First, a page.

Crude Stereotyping Of The British Suburbs
Hmm, so I was a little bit opaque in last weekâ€™s ramble, at least when I hit the parts about suburban life in the developed world. A few people picked up on what I was getting at, while others saw me as yet another writer going for the easy caricature of the suburbs as bland and homogenised.
Perhaps I was – it’s fun to poke at the soft belly of the middling classes. But I donâ€™t think itâ€™s a crude stereotype, and itâ€™s certainly not one that I want to deploy carelessly. Because I’m a permanent resident of these residential districts and Iâ€™ve never really lived in a big city. Iâ€™m not a metropolitan head scoffing at the ring-development masses: I am one of those plump suburbanites, and I enjoy writing and talking about the culture and predicament of the people who share my world. It’s clear that there is an enormous economy of weirdness and variety in suburbia, and we see that in the best reporting, as well as the best fiction. A cursory examination of contemporary culture unearths all kinds of strangeness in the ‘burbs. You donâ€™t have to look far to see it. There are plenty of writers and commentators who do understand the richness of what suburbia provides for the modern imagination.* In fact the best book of 2002, and possibly the century so far, was about the M25 and all the de-centralised life that spills around it. London Orbital is a churning, ugly mosaic of a book. Sentence by sentence genius and a blisteringly magical examination of the commercial estates and cul-de-sacs. The fact that I’ve taken more from that piece of writing than thousands of pages of more outlandish writing says something, I’m just not sure what.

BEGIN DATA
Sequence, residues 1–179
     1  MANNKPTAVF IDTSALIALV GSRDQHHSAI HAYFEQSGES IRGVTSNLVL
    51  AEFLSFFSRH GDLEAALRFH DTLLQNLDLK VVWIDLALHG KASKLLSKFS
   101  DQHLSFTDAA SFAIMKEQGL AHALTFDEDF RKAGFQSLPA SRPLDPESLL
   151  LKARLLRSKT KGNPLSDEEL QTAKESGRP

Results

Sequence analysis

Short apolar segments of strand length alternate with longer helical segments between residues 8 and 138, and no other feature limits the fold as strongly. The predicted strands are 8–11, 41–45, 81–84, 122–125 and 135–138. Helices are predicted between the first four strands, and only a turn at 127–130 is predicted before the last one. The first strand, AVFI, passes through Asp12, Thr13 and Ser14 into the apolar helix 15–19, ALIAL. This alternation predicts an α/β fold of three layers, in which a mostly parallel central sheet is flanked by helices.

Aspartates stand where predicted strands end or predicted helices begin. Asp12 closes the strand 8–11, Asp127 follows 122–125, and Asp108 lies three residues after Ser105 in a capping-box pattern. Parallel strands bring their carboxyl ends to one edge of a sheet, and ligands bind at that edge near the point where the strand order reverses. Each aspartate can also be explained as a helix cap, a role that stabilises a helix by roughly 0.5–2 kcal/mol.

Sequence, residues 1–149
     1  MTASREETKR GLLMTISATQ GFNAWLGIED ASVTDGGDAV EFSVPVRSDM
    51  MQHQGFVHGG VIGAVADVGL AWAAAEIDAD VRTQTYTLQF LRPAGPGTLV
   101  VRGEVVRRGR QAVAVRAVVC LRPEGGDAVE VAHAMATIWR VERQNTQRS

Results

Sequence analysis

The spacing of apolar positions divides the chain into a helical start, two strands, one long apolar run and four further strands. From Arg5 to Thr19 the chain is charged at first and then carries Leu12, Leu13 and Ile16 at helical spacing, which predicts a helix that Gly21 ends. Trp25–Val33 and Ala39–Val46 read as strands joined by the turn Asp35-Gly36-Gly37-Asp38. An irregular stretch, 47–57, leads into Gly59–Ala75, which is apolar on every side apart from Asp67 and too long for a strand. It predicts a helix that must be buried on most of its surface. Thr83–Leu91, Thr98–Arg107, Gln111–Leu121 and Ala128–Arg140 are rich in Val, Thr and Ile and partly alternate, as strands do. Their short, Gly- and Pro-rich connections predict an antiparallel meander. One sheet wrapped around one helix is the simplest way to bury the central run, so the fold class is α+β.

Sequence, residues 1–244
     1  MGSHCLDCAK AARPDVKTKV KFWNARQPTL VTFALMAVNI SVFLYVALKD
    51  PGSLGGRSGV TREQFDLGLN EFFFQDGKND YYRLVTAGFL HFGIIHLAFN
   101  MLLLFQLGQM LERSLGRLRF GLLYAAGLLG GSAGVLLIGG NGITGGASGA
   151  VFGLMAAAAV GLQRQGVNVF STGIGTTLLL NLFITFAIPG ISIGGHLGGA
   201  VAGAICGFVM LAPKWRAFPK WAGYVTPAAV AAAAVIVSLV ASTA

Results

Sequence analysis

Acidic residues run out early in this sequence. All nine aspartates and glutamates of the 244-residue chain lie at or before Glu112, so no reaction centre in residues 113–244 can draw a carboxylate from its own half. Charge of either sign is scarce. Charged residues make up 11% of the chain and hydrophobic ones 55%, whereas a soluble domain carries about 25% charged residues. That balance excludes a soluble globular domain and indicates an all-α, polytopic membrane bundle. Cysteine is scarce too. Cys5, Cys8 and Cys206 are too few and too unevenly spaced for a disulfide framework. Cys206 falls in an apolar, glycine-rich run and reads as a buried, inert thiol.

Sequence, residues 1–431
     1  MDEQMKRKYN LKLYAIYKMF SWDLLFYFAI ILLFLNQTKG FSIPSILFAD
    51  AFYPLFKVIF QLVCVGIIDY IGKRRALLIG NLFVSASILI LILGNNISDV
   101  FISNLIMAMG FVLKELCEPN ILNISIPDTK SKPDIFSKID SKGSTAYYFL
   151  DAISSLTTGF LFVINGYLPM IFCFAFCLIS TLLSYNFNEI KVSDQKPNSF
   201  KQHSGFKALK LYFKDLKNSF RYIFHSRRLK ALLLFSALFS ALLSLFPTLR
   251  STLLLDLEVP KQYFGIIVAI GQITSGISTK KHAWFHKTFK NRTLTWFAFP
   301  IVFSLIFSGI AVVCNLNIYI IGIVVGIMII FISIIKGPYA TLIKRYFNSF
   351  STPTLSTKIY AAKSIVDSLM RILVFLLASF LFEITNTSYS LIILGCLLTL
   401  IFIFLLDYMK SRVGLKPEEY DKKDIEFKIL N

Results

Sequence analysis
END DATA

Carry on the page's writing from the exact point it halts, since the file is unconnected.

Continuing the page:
Anyway, I have the distinct delight of living just outside the orbit of London, in the disorganised and plan-free suburbia of a British market town. Itâ€™s an area of obvious, over-stated history, quite unlike the near-timeless residentially revised landscapes of many American suburbs.
The psychological effect of living in these different places is part of what interests writers like Sinclair. But there’s another side to it: this is what interests me about the diversity of suburbia – that there are always strong themes that bridge the differences between suburbs, no matter how diverse. Each might have its own idiosyncrasies, ethnicities and esoteric topographies, but there is also a shared need to live life free of major disturbance. Suburbanites quietly conspire to create existences that are padded and protected from what goes out outside their area of concern. Most of us want to remain safe and comfortable. And we want our loves ones to be safe and comfortable. And we can afford for them to be: this is why were are here, grounded in suburbia, away from a certain level of noise and influence that is inevitable in cities. (Raising a family, swelling up like clumps of moss.)